Ah, the romance of the RPG map

Truly, few things are so iconic to TTRPGs as a crudely drawn map on graph paper. Almost everyone has done this at some time or another. Map-making has a long tradition in RPGs, and it is one of the most common activites undertaken at the gaming table. Enough so that most gaming manuals suggest that the person that is to create the map be named. Mapping is in the rules.

Cartography is an extremely old profession and hobby, as well as art form. However, one of the trends in table-top gaming is the proliferation of extremely well-made maps. I can even think of a few people in particular who have created some absolutely spectacular stuff.

It just goes to show as well how engrained in gaming maps are. It’s so important that people have developed careers creating maps that can be used for TTRPGs. My 13-year-old self is reeling at the idea that the hobby would have evolved to this point, but here we are.

The interesting thing that I’ve noticed in this respect is what the maps look like. They are often large areas. Whole worlds, regions, or cities. Also, they are predominantly fantasy-oriented. I’m sure other genres exist in TTRPG mapping, but most of what I see are fantasy. The one exception to this would be Dyson Logos who creates dungeons, but these are also to be used mostly for fantasy gaming.

In my opinion, the evolution of gaming maps really demonstrate why this is a great time to play TTRPGs. The quality of the material has gone waaaaaay up, and I am thoroughly enjoying what is available to me. Hopefully some of this great content makes its way to your table.

Using real-world imagery in RPGs

Today, I was at work and noticed one of my co-workers had a tattoo of the triple moon.


Upon seeing the tattoo, I got to wondering, “does this person have this tattoo because they just really like the design? Or, does this person pursue a pagan spiritual path?” Because this is the kind of person I am, I started wondering if using these kinds of images in an RPG was a good idea.

On one hand it just seems to easy to insert previously existing glyphs, runes, and what not into a game. In some cases it would be even be totally appropriate. (I’m thinking specifically of the  Chronicles/World of Darkness games.) If you’re dealing with a system that directly references occult imagery, then taking time to do a bit of research on the actual images makes sense. In fact, you’d be leaving out some great stuff if you didn’t go ahead and do this.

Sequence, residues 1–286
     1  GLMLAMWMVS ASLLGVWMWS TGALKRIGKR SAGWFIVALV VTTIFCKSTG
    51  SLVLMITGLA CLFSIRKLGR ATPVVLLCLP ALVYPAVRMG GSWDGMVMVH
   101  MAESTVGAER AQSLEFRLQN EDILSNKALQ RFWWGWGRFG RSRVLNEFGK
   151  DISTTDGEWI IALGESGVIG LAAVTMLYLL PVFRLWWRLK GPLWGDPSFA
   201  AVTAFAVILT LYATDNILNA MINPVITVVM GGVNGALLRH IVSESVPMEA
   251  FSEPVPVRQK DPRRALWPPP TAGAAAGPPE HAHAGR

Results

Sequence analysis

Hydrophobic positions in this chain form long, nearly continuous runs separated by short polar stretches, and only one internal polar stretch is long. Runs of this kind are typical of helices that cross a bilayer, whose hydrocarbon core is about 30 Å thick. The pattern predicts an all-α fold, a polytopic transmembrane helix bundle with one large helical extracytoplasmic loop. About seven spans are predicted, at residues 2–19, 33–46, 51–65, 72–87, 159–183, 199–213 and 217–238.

Then again, for fantasy or sci-fi games I’m not sure it’s entirely appropriate. If you’re trying to come up with a new civilization, do you really want to rehash existing stuff? Even if it seems like it would be kind of relevant, it also seems like its kind of an escape.

I might just be too stiff on this issue. For my money though, it’s just a lot more fun to try to make up new ideas where it’s needed, rather than use stuff that already exists. I might also just be a glutton for punishment. This is also a possibility.

Clearly, there isn’t really an obvious answer here. It really is going to be a matter of personal taste. It is fun to revisit this idea from time to time. Re-use/recycle or invent? Both good options, and ultimately its the individual who must decide.

The #RPGaMonth Challenge

I’m re-visiting my original post on this one, because as I enter the third month of the challenge, I’m changing up the order of books I’ll be reading. Originally, I was going to Beyond the Wall next, and that hasn’t changed. I’m looking forward to it. However, everything that comes after is up in the air now.

There are a couple of reasons for this. First, Wraith: The Oblivion 20th Anniversary Edition is now coming out. I have my beta copy of the PDF. Its being proofread for errors, and then the final copy will be sent out. I said that if it actually came out this year I was adding it to my list. I know it’s technically a new game, but the project is something like 2 and a half years late.

Also, when I looked over my list of books, one thing really stuck out to me. Almost all of my choices for the reading challenge are PDFs. I don’t mind, but when I asses my actual collection of gaming resources I have some physical items that have been begging attention and are being neglected. I’d like to incorporate more of this stuff into my reading diet.

I think that, when the year is over, and I’d read through all twelve month’s of entries, I’m going to do a write-up for the year. Regardless, of whether or not I keep a static list all year, I suspect I’ll learn a lot from taking on this challenge. It’s been inspirational so far, and doubt that will change.

Poetry and RPGs

As a fan if poetry, I can warn anyone reading this that I’ll probably re-visit this topic. Frankly, I think poetry is a necessary element in RPGs. It’s completely realistic that poetry could exist, regardless of the setting, and adds significant depth to a game.

I make these arguments thinking of a couple of different poets, but I’ll get to that in a minute. First, I want to note the two points that are, in my opinion, most significant. I’ll address poetry place in the game, and how it’s presence positively influences that game.